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Jabba-Bear's Blog

Osteosarcoma: clinical trials and goofy smiles

Jabba-Bear's Blog

Jabba starts metronomic therapy….again…

April 4th, 2013 · 4 Comments · lobectomy, metastatic lung cancer, metronomic chemotherapy, osteosarcoma, recovery

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Three weeks after Jabba’s lobectomy to remove a large portion of his metastatic osteosarcoma, he was given a “bill of good health”, at least a temporary one. At this point, we decided to put Jabba back on metronomic therapy (i.e., frequent, low doses of chemotherapy) since he had tolerated it well for such a long time (almost 2 years!).

We started giving him cyclophosphamide (9 mg), the primary chemotherapy drug, first, since we still had a full bottle of it leftover from January. Note: Jabba’s doctors told us to withhold chemotherapy until he had sufficiently recovered from his surgery because these potent drugs that attack rapidly dividing cancer cells may prevent or limit wound healing (at the cellular level, the active ingredients in the pill cannot distinguish between a growing tumor and healthy tissue regeneration-it kills them both).

We debated putting Jabba-bear back on Palladia (50 mg) because of the sheer expense ($323.85 for 30 pills), but we eventually gave in and ordered the pills. Note: Jabba had previously been taking 70 mg of Palladia, but, since he lost a significant amount of weight prior to the lobectomy, we adjusted his dose accordingly. Although it should have been slightly higher (closer to 60 mg), we decided that we would start with the 50 mg capsule.

Because indigestion is one side effect of the metronomic therapy, Jabba-bear also receives 10 mg Pepcid or a generic anti-acid 2x daily. We still catch him eating grass occasionally though, which suggests that his stomach is not entirely settled.

In summary, Jabba-bear currently receives cyclophosphamaide and Palladia after breakfast on alternating days. He also takes 10-20 mg of Pepcid per day depending on his symptoms. In addition, Jabba-bear is still taking Prednisone (20 mg), which serves two purposes: (1) to help  reduce any residual swelling in his joints from the lobectomy and/or systemic inflammatory reaction to the metastatic osteosarcoma, and (2) to keep his temperature in the normal range (it is currently hovering in the high 102 degrees Fahrenheit).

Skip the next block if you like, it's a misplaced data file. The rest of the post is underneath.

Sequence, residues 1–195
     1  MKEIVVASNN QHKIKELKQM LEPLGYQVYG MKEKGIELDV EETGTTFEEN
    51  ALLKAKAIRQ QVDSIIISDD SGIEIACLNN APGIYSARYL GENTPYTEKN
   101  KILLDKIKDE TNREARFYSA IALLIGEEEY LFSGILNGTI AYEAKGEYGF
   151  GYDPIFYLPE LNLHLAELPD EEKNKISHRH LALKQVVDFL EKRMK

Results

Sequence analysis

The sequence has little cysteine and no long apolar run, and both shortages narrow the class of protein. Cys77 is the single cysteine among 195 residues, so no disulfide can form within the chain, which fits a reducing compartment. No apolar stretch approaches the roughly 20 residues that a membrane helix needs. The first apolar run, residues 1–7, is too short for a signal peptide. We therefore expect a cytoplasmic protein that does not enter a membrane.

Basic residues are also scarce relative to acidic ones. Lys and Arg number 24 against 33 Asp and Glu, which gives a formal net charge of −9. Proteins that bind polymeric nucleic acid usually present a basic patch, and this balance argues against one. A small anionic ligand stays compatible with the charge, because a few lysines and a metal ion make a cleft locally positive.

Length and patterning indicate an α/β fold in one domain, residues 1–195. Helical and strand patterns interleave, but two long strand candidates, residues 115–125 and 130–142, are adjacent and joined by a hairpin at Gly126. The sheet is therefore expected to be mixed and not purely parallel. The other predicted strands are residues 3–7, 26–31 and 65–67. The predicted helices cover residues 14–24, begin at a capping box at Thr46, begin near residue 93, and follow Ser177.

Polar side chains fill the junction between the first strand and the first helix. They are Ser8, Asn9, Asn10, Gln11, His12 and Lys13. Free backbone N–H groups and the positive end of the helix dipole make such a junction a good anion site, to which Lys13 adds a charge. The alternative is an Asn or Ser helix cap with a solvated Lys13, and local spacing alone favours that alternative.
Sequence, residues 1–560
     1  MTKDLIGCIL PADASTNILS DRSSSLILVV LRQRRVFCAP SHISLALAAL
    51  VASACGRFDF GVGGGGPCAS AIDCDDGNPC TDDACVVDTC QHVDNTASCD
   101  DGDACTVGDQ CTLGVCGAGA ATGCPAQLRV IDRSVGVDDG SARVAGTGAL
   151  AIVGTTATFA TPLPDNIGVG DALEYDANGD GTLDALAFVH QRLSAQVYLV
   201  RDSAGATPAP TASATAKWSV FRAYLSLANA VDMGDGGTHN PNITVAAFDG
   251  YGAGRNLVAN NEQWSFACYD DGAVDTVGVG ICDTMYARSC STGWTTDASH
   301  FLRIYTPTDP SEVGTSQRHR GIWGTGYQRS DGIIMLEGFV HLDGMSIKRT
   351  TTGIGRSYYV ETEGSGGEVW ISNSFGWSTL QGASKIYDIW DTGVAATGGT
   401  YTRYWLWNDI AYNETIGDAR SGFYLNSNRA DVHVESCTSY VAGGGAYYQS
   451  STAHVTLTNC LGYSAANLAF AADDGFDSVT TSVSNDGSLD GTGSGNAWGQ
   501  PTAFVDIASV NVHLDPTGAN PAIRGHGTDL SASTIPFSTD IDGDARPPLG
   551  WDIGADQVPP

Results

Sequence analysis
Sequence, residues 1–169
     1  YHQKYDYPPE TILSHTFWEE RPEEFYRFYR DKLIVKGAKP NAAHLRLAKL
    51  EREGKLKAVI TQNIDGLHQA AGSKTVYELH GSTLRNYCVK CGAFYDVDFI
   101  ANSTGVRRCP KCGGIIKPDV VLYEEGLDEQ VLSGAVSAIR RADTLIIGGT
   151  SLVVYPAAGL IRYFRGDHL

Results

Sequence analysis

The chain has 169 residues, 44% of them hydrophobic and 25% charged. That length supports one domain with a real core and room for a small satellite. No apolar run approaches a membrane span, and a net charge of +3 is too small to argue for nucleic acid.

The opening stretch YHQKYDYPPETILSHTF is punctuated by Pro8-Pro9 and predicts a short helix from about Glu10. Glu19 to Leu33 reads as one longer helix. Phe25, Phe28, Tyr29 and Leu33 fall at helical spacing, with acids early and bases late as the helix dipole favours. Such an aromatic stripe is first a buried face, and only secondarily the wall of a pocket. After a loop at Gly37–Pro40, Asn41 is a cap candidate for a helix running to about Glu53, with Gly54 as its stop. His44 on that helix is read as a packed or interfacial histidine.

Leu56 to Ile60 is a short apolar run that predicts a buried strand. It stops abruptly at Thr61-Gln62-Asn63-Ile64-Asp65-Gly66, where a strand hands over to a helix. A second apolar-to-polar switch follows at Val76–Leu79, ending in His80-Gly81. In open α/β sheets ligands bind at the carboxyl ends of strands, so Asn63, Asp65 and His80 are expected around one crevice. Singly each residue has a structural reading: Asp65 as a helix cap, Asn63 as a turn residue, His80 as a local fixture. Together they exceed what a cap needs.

As you can probably imagine, Jabba-bear has accumulated quite the extensive collection of drugs in his “medicine cabinet”. In addition to his metronomic therapy, he also has a stash of pain medicine (Tramadol), various antibiotics,  metronidazole (for diarrhea), heartworm medicine, flea medicine, etc.

Jabba-bear's medicine cabinet. Also shown in the above image is his thermometer which we used frequently to monitor his persistent fever and his jar of Royal Treats.

Jabba-bear’s medicine cabinet. Also shown in the above image is his thermometer which we used frequently to monitor his persistent fever and his jar of Royal Treats.

 Jabba-bear is very good about taking his medicine. We have a nice system worked out.  Every morning after breakfast, Jabba’s mom says, “time for your medicine, sweet prince”, and Jabba runs to the kitchen, drool spilling from his bottom lip, because to him, medicine = a tablespoon of peanut butter.

Jabba-bear medicine delivery system-edited

Jabba-bear’s drug delivery system. Peanut butter, disposable knife, and medicine!

The disposable, plastic knife is a good tool for delivering the chemotherapy drugs because it is not a good idea to touch them with your bare hands (as they are toxic!!!),  and the knife is not too sharp, so Jabba can successfully lick off the peanut butter without hurting himself.

Jabba getting his daily dose of medicine after breakfast.

Jabba getting his daily dose of medicine after breakfast. He gobbles it up with delight!

Overall, Jabba-bear seems to be doing pretty well on metronomic therapy.  However, it is important to acknowledge that we are fighting a losing battle. The metronomic therapy will not cure Jabba-bear. His metastatic disease is serious and quite aggressive. . . At best, this combination of medication will slow the progression of his cancer. Maybe it is working? Today marks 6 weeks since his lobectomy! We are blessed to have had him so long. We are not in denial about the gravity of Jabba-bear’s situation, and we recognize that the choices we made to prolong his life  may not be viable options for everyone (we have accumulated a significant amount of debt over the past 3 months). Nevertheless, we hope that some people may find this information useful. Thank you, once again, for your support.


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4 Comments so far ↓

  • fourminipups

    What wonderful pawrents you are. You have done the most you could do and with the utmost of love and Jabba-Bear returns it in kind. Thank you for keeping us updated and for educating us using the research you have done. Keeping you all in my thoughts.

  • fetchon3

    Peanut butter is the best! What a lucky pup. Oh, JabbaBear. Keep up the fight, pal! We’re all pulling for you!
    ~ Katy

  • maximutt

    Glad to hear your boy is doing so well after the surgery! He is a strong boy and a fighter!

  • benny55

    You know what, everyday that Jab a Bear is alive he IS winning the battle……..and that’s not denial on my part either….it just happens to be true!!

    All of your info. Is so valuable and the pictures are priceless!!
    Jabba Bear knows how to work the system and get all the peanut butter in the land!

    Thanks for all the time it takes to pass on all the valuable information to everyone. It I appreciated. I posted on your other post a out Reynolds Park……you don’t live in Virginia so you—–I think there’s one here also.

    Sending you the very best, Sally and Happy Hannah

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